You can read the rest of this review at All About Romance.

Hidden (Deep Ops #1) by Rebecca Zanetti (audiobook) – Narrated by Roger Wayne

This title may be downloaded from Audible via Amazon

Hide. That’s all Pippa can do to escape the terror chasing her. But now that she’s off the grid in a safe house, she finds plenty of interesting things to watch through the window. Like her new neighbor, with his startling green eyes, killer smile, and sexy bad-boy tattoo . . .

Run. Malcolm West is fleeing the hell he unleashed in his last assignment as an undercover cop. A backwoods bungalow sounds like the perfect place to start over. Until he discovers he’s been set up . . .

Fight. Someone’s gone to a lot of trouble to bring them together. No matter how much he resents that, and his own driving needs, Malcolm will have to dig deep and let loose the banished killer inside himself, or Pippa’s fears could come true faster than the flip of a bolt in a lock . . .

Rating: Narration: B+; Content: B-

Hidden is the first book in the new Deep Ops series of romantic suspense novels by Rebecca Zanetti, an author whose work I’ve not yet read or listened to. The series features the somewhat rag-taggle group of hand-picked operatives who make up the newly created Requisition Force (and yes, we do learn the reason behind the name!), a branch of the Homeland Defense Department.

Former cop Malcom West spent much of his career working undercover and acquired a reputation for being the very best at what he did. But years spent living that way have taken their toll, and his previous assignment, during which he became close to someone he was then forced to kill, was the straw that broke the camel’s back, and he retired from the force, intending to spend some time dealing with the emotional fallout of that situation, regrouping and deciding what he wants to do next. As part of that plan, Mal has purchased a new house in a quiet neighbourhood – and has absolutely no idea that he’s been skilfully manoeuvred into moving in next door to someone who is suspected of having links to an organisation planning a terrorist attack.

You can read the rest of this review at AudioGals.

The Dark Bones by Loreth Anne White

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She’s come back to solve the mystery of her father’s death and confront her own dark past.

When Detective Rebecca North left her rural hometown, she vowed never to return. Her father’s apparent suicide has changed that. The official report is that retired cop Noah North shot himself, knocked over a lantern, and set his isolated cabin ablaze. But Rebecca cannot believe he killed himself.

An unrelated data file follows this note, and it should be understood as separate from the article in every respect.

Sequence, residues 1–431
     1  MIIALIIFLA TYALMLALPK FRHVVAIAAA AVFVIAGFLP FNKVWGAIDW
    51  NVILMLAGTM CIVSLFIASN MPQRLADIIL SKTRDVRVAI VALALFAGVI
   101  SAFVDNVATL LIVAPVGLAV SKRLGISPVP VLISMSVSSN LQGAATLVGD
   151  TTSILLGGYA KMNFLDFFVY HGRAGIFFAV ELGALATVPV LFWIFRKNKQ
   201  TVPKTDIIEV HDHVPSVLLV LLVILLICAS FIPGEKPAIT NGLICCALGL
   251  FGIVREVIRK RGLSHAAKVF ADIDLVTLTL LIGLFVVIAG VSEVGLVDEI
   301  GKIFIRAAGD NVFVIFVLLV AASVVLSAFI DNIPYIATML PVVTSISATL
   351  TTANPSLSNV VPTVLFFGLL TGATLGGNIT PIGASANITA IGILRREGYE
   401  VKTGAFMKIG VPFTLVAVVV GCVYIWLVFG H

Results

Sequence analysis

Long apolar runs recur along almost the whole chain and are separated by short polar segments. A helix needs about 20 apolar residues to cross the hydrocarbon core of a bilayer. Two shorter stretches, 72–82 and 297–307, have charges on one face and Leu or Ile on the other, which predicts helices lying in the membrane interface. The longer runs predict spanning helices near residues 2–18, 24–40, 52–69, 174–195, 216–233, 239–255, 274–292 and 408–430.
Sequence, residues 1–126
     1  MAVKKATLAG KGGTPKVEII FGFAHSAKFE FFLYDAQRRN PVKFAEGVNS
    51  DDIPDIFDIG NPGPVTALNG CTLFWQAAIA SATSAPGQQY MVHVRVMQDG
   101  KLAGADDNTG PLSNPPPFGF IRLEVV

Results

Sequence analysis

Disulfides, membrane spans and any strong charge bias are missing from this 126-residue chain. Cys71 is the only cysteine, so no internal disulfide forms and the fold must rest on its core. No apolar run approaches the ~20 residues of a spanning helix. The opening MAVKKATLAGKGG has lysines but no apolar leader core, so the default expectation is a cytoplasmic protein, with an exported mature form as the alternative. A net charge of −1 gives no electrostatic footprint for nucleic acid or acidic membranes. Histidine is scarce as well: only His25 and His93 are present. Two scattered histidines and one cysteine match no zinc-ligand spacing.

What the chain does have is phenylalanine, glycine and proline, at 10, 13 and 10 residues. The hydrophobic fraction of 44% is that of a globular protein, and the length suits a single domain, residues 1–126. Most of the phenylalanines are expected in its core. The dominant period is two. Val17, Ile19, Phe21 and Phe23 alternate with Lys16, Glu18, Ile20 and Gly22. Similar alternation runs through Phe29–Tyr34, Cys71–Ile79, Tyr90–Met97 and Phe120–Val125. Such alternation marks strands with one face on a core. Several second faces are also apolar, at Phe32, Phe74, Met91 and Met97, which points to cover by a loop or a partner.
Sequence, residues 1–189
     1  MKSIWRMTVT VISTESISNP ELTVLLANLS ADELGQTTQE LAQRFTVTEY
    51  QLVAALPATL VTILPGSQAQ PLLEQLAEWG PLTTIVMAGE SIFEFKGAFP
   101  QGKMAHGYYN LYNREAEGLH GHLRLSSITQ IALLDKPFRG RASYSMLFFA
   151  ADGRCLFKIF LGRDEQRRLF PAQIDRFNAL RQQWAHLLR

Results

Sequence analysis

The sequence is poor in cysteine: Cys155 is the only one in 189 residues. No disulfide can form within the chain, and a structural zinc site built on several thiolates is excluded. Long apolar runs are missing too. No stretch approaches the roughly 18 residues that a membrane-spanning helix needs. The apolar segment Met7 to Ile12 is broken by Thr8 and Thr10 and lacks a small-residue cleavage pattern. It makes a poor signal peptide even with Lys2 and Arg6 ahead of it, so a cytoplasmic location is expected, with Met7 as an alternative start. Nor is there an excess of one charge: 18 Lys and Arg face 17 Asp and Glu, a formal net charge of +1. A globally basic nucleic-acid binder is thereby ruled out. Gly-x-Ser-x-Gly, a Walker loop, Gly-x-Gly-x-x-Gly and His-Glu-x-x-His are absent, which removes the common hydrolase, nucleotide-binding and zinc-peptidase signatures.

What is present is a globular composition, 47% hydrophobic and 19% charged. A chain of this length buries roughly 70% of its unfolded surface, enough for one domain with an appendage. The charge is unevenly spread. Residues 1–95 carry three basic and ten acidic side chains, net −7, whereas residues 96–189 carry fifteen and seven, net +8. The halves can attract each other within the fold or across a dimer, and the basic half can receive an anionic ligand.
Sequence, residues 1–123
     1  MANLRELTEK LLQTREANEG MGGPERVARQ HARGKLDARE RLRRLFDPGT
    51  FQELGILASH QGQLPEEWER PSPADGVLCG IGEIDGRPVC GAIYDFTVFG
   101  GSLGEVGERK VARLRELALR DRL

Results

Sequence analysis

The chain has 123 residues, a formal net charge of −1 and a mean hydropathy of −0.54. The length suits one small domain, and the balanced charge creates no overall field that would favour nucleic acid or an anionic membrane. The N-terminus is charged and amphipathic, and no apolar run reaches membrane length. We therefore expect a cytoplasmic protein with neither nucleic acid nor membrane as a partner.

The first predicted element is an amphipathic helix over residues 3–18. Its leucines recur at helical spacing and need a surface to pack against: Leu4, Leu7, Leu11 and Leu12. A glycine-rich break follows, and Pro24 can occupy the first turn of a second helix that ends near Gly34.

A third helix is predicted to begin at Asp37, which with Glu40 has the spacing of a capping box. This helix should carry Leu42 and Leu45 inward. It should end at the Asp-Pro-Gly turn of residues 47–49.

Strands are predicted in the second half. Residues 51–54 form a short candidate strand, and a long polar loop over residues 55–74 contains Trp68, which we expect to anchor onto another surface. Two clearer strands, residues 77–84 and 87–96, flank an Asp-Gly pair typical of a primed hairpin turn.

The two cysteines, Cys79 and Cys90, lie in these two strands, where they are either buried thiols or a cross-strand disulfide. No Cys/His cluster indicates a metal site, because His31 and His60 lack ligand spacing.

To prove it, she needs the help of Ash Haugen, the man she left behind. But Rebecca and Ash share more than broken hearts. Something darker lies between them, and the investigation is stirring it back to life. Clues lead them to the home of Olivia West and her deeply troubled twelve-year-old daughter, Tori. The child knows more about the murder than anyone can imagine, but she’s too terrified to say a word.

And as a cold-blooded killer resurfaces from the past, Rebecca and Ash begin to fear that their own secrets may be even harder to survive.

Rating: B+

When I picked up Loreth Anne White’s The Dark Bones for review, I wasn’t aware that it was linked to one of her earlier books, A Dark Lure, in which a young woman who was abducted and repeatedly assaulted is making a new life for herself in rural Canada only to have to face the prospect that her abductor may still be at large.  But never fear; it’s perfectly possible to read The Dark Bones as a standalone as the author brings new readers quickly up to speed, and the plots in both books are self-contained, so there’s no real overlap.

When Rebecca North left her small Canadian home town, she moved to Ottawa, where she has built herself a successful career in the white-collar crimes unit with the RCMP.  She hasn’t been home in years and doesn’t have plans to do so, until her father, a retired police officer – calls her out of the blue to tell her that he knows she was lying about an event that happened twenty years earlier, and that he needs to talk to her urgently.  He’s clearly drunk – he’s rarely been sober since the death of his wife – and Rebecca’s about to go into court, so she puts him off, promising she’ll  call him soon… but she can’t put his words out of her mind.  Her father is referring to the day she’d found the man she loved stumbling along a country road, bruised and bloody, a long gash down one side of his face he’d attributed to a riding accident – but why is he asking about it now?